the Skills Crisis And Workforce
Challenges of the New World Economy
3, Number 1, March 2010
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Southeastern WorkKeys Conference
is on hiatus for 2010
Association of Workforce Boards,
Preparing a Competitive US Workforce--Reflection, Reinvestment,
6-9, 2010, Renaissance on Capitol Hill,
National Conference on Science Education, Philadelphia,
PA March 18-21,
Conference 2010, League for Innovation,
Baltimore, MD, March
Workforce Development Conference (formerly the National
WorkKeys Conference), Philadelphia,
Dr. Brent Knight, President at Lansing
Community College received national attention for his announcement
of his Get a Skill, Get a Job--or Get your
Money Back initiative. Participants accepted into the
program will participate in a rigorous training program lasting from
4-8 weeks (depending on the specific program), and culminating in
a proficiency exam. If they complete the program successfully, they
will receive a certificate/portfolio verifying their competencies.
If those who complete the program are unable to secure employment
within 12 months, LCC will refund their cost. The initiative is under
development in the areas of Pharmacy Technician,
Customer Service Call Center Workers, Certified Qualtiy Inspectors,
and Home Technology Integration Technicians.
we struggle to regain our footing after a disastrous year that has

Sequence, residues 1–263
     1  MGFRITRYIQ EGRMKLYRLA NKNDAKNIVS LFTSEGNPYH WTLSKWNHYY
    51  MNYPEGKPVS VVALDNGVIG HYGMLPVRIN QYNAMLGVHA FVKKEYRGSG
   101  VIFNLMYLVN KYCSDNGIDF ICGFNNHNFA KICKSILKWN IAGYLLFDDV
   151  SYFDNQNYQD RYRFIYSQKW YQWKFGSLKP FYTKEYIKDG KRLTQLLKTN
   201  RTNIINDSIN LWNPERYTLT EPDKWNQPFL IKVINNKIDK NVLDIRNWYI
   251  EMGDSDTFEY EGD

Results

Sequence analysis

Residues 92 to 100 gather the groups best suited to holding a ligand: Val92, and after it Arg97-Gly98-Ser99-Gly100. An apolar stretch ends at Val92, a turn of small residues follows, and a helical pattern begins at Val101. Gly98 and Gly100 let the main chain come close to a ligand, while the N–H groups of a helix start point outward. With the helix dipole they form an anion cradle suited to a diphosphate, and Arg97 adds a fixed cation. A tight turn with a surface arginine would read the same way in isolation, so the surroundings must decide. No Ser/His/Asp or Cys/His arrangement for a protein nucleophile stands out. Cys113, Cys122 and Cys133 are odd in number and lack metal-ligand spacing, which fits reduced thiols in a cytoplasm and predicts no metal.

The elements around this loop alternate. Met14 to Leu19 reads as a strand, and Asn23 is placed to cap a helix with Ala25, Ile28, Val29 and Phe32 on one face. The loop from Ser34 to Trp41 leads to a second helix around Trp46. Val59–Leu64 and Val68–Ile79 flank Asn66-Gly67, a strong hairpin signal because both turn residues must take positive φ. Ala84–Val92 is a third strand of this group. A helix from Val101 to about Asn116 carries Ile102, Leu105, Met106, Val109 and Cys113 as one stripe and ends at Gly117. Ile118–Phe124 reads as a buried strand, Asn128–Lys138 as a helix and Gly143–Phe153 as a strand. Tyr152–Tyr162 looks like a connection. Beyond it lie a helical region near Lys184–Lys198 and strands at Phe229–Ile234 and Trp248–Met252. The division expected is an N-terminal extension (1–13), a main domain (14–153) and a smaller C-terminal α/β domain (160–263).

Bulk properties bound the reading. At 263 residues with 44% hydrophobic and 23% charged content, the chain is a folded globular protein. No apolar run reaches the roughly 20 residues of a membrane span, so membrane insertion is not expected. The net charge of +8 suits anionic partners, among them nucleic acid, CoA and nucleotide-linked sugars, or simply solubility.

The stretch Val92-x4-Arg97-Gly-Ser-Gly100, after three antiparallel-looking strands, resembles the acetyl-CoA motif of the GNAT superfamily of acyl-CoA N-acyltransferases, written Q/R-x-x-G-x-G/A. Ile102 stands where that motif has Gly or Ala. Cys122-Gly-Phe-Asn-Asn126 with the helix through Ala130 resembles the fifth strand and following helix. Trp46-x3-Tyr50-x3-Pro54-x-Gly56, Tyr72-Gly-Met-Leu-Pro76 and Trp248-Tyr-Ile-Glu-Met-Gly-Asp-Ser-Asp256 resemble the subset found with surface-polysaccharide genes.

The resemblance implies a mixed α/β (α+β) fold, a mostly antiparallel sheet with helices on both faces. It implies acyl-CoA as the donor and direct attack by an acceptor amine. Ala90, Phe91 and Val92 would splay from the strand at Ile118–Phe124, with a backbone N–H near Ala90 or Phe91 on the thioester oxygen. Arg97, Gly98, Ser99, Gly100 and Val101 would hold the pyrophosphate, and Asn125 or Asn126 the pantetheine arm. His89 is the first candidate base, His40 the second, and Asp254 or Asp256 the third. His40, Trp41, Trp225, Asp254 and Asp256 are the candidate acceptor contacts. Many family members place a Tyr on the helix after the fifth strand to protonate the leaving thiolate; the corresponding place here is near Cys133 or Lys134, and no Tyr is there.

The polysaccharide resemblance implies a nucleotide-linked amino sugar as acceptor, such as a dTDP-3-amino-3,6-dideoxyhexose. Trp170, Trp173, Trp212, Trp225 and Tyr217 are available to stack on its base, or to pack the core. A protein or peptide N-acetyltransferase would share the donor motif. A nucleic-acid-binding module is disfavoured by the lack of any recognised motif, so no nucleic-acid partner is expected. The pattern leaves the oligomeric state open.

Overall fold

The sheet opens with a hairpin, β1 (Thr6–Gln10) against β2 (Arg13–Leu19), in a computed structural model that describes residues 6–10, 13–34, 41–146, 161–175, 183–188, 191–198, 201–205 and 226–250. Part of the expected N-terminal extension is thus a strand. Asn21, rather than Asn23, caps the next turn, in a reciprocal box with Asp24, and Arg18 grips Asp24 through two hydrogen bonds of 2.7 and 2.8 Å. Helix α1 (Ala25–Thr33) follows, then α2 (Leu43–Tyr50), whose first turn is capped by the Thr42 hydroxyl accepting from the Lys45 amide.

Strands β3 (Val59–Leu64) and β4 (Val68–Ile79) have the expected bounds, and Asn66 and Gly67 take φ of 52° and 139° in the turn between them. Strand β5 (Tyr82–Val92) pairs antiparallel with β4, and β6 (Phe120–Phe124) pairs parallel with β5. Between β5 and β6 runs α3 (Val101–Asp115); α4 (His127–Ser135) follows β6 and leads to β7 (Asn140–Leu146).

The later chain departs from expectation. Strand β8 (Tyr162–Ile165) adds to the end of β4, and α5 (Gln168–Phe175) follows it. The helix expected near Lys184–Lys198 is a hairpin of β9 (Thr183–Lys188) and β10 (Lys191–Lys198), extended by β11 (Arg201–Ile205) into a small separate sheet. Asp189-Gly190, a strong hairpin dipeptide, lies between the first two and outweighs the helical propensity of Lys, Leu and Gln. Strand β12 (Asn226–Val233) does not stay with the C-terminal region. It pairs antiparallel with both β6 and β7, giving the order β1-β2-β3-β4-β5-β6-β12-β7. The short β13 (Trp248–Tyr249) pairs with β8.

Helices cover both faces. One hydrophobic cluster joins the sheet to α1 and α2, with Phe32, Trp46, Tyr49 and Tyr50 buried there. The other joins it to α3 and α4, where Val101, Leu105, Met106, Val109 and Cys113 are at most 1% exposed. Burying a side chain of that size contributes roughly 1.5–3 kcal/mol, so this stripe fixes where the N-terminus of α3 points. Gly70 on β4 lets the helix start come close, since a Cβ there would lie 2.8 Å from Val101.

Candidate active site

shaken our national confidence, it is worth looking back just a little
for recommendations that may have been overlooked and that now take
on a new imperative. In his blog, MeederMindWorks,
Hans Meeder suggests that it is now crucial that workforce development
professionals, educators, and others reconsider the innovation
eco-economy. He maintains that U.S. strength in eco-systems
factors are "why we have maintained our strong competitive position
for so long, in spite of our education shortcomings". Meeder
highlights a major factor in the innovation eco-system, America’s
talent supply, and he takes us back to the major 2007 report, Rising
Above The Gathering Storm.
authors of the report state that “Because other nations have,
and probably will continue to have, the competitive advantage of
a low wage structure, the United States must compete by optimizing
its knowledge-based resources, particularly in science and technology,
and by sustaining the most fertile environment for new and revitalized
industries and the well-paying jobs they bring.” Most of us
would agree that we "need a new workforce that is literate
in technology and engineering (design) and able to apply mathematical
reasoning and scientific knowledge to solving problems and creating
new goods, services and processes".
the July-August 2009 edition of Harvard Business Review, Gary Pisano
and Willy Shih published Restoring American
Competitiveness in which they explained the important
concept of the Industrial Commons. You
can read the beginning of the article online
and purchase a reprint if you care to.
The term “Industrial Commons” refers
to a foundation of knowledge and capabilities (technical, design
and operational) that is shared within an industry sector, such
as “R&D know-how, advanced process development and engineering
skills, and manufacturing competencies related to a specific technology.”
Pisana and Shih point out that during the last couple of decades,
U.S. firms have outsourced bits and pieces of various manufacturing
and engineering sectors to low-cost developing economies.Then came
"tipping points" when the full design and manufacturing
capability (the "industrial commons") was lost from the
U.S. and the commons essentially emigrated. The authors warn that